Rich shows the other side of the coin… and it’s ‘heads’. Or rather, ‘two heads’.
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Firstly: yeah, what he said [Part 1]. Co-writing works for us for a numbers of reasons and can yield advantages which might be worth thinking about if you’re a ‘lone-wolf.’ Or a lone Wilf.
Often Andy and I start work on HALF an idea and because there are two of us, it becomes a WHOLE idea… whereas if there’s just one of you, it might remain a HALF-arsed idea for a WHOLE lot longer. You might not even think it’s half an idea, just the beginning of a fragment of a teensy bit of an idea. But share it with your co-writing mucker and see what happens. Your co-writer has an idea that latches itself onto your first idea, which in turn sparks something else and before you know it, there’s a plot unfolding. And if nothing happens then you were right, it wasn’t even half an idea and you’d be better off moving onto something else.
Never under-estimate the value of having someone whose job it is to listen to you spout out your half-ideas and add useful suggestions about how to mould them into something whole or just into… something. Someone who can ask you searching questions like:
- Why did the killer use the candlestick and not the rope / revolver / lead piping / mechanical egg-whisk?
- Wouldn’t it be better if that character was an old woman instead of Tom Cruise?
- Do we HAVE to have a llama in this scene?
Someone to work off, so that between you, you can tease out what the story, or scene, or character really needs. Or someone who will just say to you:
Sometimes you just need that. But it’s better coming from someone you trust, someone with a vested interest in making your manuscript as good as it possibly can be. The deal is of course that you have to put that trust in too. It doesn’t work if you get in a huff about your golden egg of an idea being cricket-batted by your writing buddy rather than transformed into a delightful soufflé. It only works if you aren’t too precious about your writing; if you are, screenwriting might not be for you in all honesty. This is a collaborative business and it pays to be flexible. Bend in the breeze. Like a ninja. A bendy ninja.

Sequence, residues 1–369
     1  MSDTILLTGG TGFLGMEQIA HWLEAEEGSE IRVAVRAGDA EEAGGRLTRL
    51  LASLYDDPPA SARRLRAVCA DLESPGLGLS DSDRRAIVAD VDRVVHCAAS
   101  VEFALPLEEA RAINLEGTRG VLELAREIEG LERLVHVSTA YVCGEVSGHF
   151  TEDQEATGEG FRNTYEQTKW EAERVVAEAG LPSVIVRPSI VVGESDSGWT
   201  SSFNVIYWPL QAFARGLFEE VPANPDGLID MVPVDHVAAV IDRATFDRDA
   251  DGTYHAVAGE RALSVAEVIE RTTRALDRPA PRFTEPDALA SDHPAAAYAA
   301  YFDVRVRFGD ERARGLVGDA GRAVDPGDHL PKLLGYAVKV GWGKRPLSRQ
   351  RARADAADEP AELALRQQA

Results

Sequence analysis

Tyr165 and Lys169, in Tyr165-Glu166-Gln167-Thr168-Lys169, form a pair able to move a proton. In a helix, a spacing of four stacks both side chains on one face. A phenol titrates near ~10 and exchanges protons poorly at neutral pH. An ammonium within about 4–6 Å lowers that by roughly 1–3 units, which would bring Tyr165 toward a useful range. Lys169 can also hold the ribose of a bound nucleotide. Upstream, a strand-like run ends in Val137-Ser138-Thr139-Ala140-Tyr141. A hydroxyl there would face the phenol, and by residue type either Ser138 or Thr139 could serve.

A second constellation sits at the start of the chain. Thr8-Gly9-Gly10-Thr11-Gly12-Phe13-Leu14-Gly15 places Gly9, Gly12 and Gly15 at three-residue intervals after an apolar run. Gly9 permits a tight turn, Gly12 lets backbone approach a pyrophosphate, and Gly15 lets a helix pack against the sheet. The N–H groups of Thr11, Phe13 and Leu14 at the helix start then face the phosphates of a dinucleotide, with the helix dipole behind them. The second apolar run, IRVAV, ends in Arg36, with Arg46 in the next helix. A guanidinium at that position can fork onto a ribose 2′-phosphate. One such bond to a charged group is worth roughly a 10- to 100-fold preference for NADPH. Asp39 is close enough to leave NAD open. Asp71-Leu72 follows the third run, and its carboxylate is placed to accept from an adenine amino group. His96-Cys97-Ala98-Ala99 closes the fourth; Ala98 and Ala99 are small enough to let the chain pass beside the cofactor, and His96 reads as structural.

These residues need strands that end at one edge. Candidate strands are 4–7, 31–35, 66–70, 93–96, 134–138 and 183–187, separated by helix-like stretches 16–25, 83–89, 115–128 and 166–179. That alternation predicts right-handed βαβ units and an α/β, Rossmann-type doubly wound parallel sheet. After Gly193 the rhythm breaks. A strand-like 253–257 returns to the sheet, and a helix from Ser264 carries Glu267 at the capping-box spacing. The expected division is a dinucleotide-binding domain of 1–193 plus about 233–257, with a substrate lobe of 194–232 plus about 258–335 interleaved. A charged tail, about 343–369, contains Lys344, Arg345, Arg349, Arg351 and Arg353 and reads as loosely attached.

Having another PoV alongside your own is also an instant benchmark; you can tell instantly if your partner is excited by your suggestion, has suggestions of her/his own or stands staring at her/his shoes whilst tumbleweed rolls past with some plaintive harmonica. This is especially important if you need to get a sense of whether something is funny or not—much harder to do when you’re on your own, reeling off your one-liners to yourself to see if you crack up (or just crack).
ANDY: …so it’s basically a Jane Austen-y type period romance that ends with a Mafia/Yakuza gun battle at a dolphinarium.
ANDY: Right. I’ll just pop the old coat on and be off then…
Andy and I have been mates for more than 20 years, which helps. It means we share a sense of humour and frames of reference, most of which fall under guitar-bands, cartoons from the 70s and savoury snacks. This gives a kind of short-hand that helps us to short-cut rather than short-circuit.
But more than this, having a writing partner does make you GET ON WITH IT. Sure, play ideas ping-pong, act stuff out to see if it works, wave your hands in the air like you just don’t care… as long you’re being productive. When there’s two of you in the room, the process can take many forms. Even if one of you isn’t in the mood, you feed off the energy of your other writing ‘twinnie’. When I write on my own, the risk of an energy crisis is greater than an OPEC embargo – the ideas ping-pong has no ping, just pong, and the lure of noodling around in the Twitter-verse instead is too great to resist.
Having a mate to write with helps you encourage/cajole/beat great work out of one another and there’s definitely a sense that you don’t want to let your co-writer down… or let them write all the best bits.
Some chalk and cheese just feeding off each other’s cool and diverse ideas, yesterday.
Also, being in a team means the work tends to take shape a little quicker, though with one caveat: that you actually DO THE WORK. That means, no faffing* around, chatting about the footie, girlfriends, boyfriends, girl-boy friends, footie friends, or just last night’s drunken shenanigans**. Unless of course it leads to you actually writing a scene about exactly that. Co-writing can be great if it gives you more focus, but beware that it can derail your best intentions too.
It also helps if you divvy up the workload: if one of you is in full-flow on a full-blown flight of fancy, the other needs to grab pen/paper, PC, Dictaphone or camera to make sure the outpourings are recorded somehow, somewhere before they flutter away like rainbow-coloured sparkle dust in a gust of Satanic hell-trump. Or, if one of you does dialogue better, the other takes care of the structuring and scenic ‘book-ending’. And so it moves forward, as it does for me ‘n’ him, alternating the lead-and-follow: Holmes and Watson; Bodie and Doyle; Terry and June.
But we always, ALWAYS, take turns making the tea.
[* faffing is a word. Yes it is.]
[** also a word. Official.]
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As always, if you want to know more about our scripts or wish to explore the possibility of filming one, have a browse through our LOGLINES section or strike up a conversation via our contacts in, er… CONTACTS.